Wednesday, October 27, 2010

Words to Die For

By Mark W. Danielson

President John F. Kennedy, who achieved immortality when he was assassinated in Dallas, is best remembered for his phrase, "Ask not what your country can do for you, ask what you can do for your country." John Lennon, assassinated in New York City, is best known for his song, Imagine. Princess Diana will be forever known as an ambassador of love and grace. Elvis Presley and Michael Jackson were both kings of song. All of these celebrities died before their time, but live on through their contributions, artifacts, videos, photographs, songs, and writings. Their memorabilia continues to increase in value because there can be no more. Even in death, Lennon, Elvis, and Jackson continue to generate substantial incomes for their estates.


In the process of mourning celebrity deaths, shrines appear with tributes and final words. In Dallas, a museum chronicles Kennedy's last moments. In Memphis, Graceland hosts an endless stream of fans wishing to say good bye to their King of Rock and Roll. In Paris, tributes to Diana appear at her crash site, which ironically occurred under a replica eternal flame from the Statue of Liberty. New York City has a Lennon tribute to his Imagine vision. In Germany, Michael Jackson has a memorial wall. There is always room for fitting monuments.
Like Elvis and Lennon, Michael Jackson touched the lives of millions through his songs. No doubt, his final This Is It! show would have been spectacular, had he and his cast had the chance to perform it. Fans were fortunate its taped rehearsals were turned into a Big Screen movie and later released on DVD and CD. Jackson was spot-on throughout every act.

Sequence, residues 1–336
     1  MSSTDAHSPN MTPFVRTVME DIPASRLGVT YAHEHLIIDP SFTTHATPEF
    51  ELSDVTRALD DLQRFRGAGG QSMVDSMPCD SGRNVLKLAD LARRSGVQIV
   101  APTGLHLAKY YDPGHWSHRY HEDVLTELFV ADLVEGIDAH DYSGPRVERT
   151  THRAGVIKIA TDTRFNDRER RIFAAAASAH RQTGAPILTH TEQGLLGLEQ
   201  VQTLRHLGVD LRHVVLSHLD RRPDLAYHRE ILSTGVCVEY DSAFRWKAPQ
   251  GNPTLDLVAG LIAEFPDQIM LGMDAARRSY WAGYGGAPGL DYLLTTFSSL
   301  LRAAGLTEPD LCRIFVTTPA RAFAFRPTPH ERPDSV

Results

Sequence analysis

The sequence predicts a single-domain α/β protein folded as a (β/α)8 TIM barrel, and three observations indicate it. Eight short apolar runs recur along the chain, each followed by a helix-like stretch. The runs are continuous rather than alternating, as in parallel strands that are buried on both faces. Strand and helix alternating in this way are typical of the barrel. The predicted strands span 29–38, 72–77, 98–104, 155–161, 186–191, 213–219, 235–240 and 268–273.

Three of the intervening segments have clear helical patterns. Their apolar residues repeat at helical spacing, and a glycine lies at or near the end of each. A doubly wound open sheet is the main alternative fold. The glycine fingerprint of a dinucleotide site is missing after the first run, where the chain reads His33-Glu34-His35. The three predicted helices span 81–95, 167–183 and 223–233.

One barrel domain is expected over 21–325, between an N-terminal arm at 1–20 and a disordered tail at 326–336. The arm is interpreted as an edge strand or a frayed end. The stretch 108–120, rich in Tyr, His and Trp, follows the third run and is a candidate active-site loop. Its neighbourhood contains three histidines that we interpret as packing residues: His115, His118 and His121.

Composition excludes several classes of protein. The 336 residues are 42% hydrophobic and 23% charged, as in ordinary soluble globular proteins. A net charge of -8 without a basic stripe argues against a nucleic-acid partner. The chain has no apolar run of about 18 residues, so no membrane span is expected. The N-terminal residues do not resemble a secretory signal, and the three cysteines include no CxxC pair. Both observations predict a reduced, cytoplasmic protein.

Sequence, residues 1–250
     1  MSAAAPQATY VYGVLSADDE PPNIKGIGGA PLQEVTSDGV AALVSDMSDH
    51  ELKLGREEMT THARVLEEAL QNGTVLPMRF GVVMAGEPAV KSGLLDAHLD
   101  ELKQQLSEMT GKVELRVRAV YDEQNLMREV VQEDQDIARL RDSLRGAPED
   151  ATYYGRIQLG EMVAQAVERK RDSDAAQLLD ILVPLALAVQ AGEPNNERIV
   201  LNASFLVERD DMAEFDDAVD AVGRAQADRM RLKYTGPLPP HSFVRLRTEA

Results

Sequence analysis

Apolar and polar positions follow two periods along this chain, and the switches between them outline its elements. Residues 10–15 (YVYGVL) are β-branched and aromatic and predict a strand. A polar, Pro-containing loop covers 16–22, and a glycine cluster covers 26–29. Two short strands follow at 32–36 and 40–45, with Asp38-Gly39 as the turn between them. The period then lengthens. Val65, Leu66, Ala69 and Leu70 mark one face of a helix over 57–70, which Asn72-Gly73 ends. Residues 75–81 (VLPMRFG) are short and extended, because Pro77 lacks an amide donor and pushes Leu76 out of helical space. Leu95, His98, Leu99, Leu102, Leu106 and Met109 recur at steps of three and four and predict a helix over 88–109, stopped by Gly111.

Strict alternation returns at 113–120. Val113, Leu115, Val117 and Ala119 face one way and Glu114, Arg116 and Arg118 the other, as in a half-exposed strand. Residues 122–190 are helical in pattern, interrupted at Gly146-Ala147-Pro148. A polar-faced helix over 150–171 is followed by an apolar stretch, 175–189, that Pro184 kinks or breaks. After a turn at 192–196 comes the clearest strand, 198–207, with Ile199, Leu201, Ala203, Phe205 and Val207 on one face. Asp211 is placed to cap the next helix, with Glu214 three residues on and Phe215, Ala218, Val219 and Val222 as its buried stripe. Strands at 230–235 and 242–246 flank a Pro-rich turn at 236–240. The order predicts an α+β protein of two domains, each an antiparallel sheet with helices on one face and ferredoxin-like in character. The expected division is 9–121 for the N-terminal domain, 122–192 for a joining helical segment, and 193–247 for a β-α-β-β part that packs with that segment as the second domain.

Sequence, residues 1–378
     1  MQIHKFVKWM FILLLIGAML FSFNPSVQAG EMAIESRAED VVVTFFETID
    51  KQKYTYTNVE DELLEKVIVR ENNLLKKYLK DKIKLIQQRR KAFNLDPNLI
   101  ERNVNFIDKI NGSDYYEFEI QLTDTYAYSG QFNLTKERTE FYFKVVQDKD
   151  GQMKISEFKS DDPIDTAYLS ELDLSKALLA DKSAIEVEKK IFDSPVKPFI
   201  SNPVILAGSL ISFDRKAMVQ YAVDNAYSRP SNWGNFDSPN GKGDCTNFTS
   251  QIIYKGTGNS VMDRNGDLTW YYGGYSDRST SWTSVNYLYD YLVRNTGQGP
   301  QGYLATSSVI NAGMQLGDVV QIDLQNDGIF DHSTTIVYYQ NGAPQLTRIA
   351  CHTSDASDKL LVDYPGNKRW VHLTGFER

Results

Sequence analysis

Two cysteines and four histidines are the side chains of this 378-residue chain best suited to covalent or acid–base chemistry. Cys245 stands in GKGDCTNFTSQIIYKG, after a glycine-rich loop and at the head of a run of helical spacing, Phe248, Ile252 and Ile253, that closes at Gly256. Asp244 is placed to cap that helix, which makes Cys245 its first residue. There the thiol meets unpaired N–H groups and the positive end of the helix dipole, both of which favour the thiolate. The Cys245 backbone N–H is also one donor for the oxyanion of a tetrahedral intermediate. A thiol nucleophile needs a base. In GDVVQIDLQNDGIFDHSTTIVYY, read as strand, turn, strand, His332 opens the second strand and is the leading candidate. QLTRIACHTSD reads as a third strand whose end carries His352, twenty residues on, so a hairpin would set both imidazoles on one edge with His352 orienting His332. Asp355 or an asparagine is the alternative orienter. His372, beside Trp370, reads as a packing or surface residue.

Jackson's tribute wall is visible from Cologne’s “bridge of love” and the Rhine. As with tributes to Kennedy, Elvis, Lennon, and Diana, candles, photos, and personal notes to Michael transformed this concrete wall into a shrine. Such warm displays of humanity and personal loss are always touching, regardless of their location.

As an author, I see these celebrity memorials as proof that words from the heart stir the strongest emotions. They also remind me that anything said well is worth repeating. Why else would greeting cards, songs, and romance novels have such longevity? In this regard, every author should strive to create meaningful works. Book stores are full of "booky wookies" without substance. Considering how these celebrities have been remembered, perhaps it's best to write as if our words will one day speak from the grave.

3 comments:

Jean Henry Mead said...

Beautifully said, Mark, and very true.

Mark W. Danielson said...

Thanks, Jean. If any of us are remembered for any particular work, we've done well.

Beth Terrell said...

You're right, Mark. May we each live our lives and writer our words in a way that will touch others.